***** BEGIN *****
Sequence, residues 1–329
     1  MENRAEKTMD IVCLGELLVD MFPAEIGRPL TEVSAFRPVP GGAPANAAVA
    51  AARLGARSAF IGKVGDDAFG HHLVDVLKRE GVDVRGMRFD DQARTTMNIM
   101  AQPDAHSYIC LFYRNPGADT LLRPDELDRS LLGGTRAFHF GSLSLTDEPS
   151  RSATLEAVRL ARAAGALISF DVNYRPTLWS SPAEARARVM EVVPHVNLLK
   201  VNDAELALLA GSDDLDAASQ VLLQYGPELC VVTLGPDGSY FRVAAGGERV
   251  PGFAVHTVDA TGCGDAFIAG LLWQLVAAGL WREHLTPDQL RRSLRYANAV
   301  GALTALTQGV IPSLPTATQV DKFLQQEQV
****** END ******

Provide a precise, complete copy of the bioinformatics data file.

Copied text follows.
Sequence, residues 1–329
     1  MENRAEKTMD IVCLGELLVD MFPAEIGRPL TEVSAFRPVP GGAPANAAVA
    51  AARLGARSAF IGKVGDDAFG HHLVDVLKRE GVDVRGMRFD DQARTTMNIM
   101  AQPDAHSYIC LFYRNPGADT LLRPDELDRS LLGGTRAFHF GSLSLTDEPS
   151  RSATLEAVRL ARAAGALISF DVNYRPTLWS SPAEARARVM EVVPHVNLLK
   201  VNDAELALLA GSDDLDAASQ VLLQYGPELC VVTLGPDGSY FRVAAGGERV
   251  PGFAVHTVDA TGCGDAFIAG LLWQLVAAGL WREHLTPDQL RRSLRYANAV
   301  GALTALTQGV IPSLPTATQV DKFLQQEQV